Microsoft is significantly stepping up its investment in search technology, including paid models, in a move that could eventually supplant its relationship with Overture Services, according to a new research report.
Rise in paid placements
diminishes the role
of human editors.
The report, written by SoundView Technology Group analyst Jordan Rohan, said that after an extensive investigation, the research team was able to "confirm definitively" that Microsoft is increasing its focus on search.
The report asserts that Microsoft plans to triple its search staffing to 200 employees and that CEO Steve Ballmer discussed search plans at a "town hall" meeting last week. It also said that an internal memo confirmed the new focus.
"We believe Microsoft will be developing its own paid search platform," the report said. SoundView said the company could launch the technology by the end of next year.
A Microsoft source familiar with the company's plans confirmed that it is making a greater investment in Web search, but emphatically denied that the company would devote resources to paid search or a service to undermine its relationship with Overture.
"We're at the initial stages of significantly expanding our investment in search. At the heart of that investment is the Web search business," the source said. "This doesn't equal any change in Microsoft's relationship with Overture."
Microsoft licenses pay-for-performance, or commercial, search results from Overture for its MSN sites in the United States, Canada, United Kingdom, Japan, France and Germany. Those paid listings, which have proven lucrative for MSN and Overture, appear alongside general search results, which are provided by Inktomi.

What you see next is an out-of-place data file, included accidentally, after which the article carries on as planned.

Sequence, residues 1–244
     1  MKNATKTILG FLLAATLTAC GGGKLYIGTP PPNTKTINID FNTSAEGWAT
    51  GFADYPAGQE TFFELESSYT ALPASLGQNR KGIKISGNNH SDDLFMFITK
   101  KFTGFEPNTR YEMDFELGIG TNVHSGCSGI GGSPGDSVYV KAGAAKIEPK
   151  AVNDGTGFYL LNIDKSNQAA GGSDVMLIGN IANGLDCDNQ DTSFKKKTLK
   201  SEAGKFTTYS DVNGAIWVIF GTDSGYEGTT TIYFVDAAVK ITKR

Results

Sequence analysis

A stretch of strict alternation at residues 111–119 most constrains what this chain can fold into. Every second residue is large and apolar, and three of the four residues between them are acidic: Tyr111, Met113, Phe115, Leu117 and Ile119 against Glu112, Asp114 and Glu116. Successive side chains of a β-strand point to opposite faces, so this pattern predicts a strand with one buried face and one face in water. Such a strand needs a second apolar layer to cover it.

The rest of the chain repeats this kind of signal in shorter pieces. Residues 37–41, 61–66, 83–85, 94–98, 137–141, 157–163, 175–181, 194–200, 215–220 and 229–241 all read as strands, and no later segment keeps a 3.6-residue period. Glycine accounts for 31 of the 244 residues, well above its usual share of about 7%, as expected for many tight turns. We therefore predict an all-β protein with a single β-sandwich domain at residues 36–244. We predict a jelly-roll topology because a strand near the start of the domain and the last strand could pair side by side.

Since Yahoo's recent acquisition of Inktomi, that partnership has been in flux, despite its terms that extend through 2005. Either Microsoft or Inktomi can terminate the agreement at will, and with its latest investment, Microsoft has decided that it will build out its own Web search technology. Microsoft said that there may be room to partner with a third-party provider as well.
The Microsoft source said that the company's investment involves adding people devoted to building a core Web search technology, but the number is yet to be determined. The company will work on developing search technology to improve the relevancy and speed of search results.
"We're responding to the phenomenon that search is an important pillar of the online experience," the source said. "We'll continue to be flexible and look at the landscape."
The SoundView report's findings are further evidence of Microsoft's plans for a strategic shift into the search market. Last month, the company launched a test site for MSN search, which promised faster results on a simplified page free of banner ads.
Rohan said Overture should be particularly worried about the move because it's so dependent on Microsoft for revenue. The software maker accounted for one-third of Overture's revenue in the fourth quarter. SoundView downgraded its rating on Overture stock to neutral "based on our concerns that its two largest affiliates (Microsoft and Yahoo) will develop their own search capability."
Overture spokesman Al Duncan called the report "simply wrong" based on the company's ongoing communication with Microsoft.
"We have a strong and growing relationship with Microsoft which was demonstrated by a new search agreement for Korea," Duncan said.
Overture shares slipped $1.74, or 11 percent, Wednesday to close at $13.49.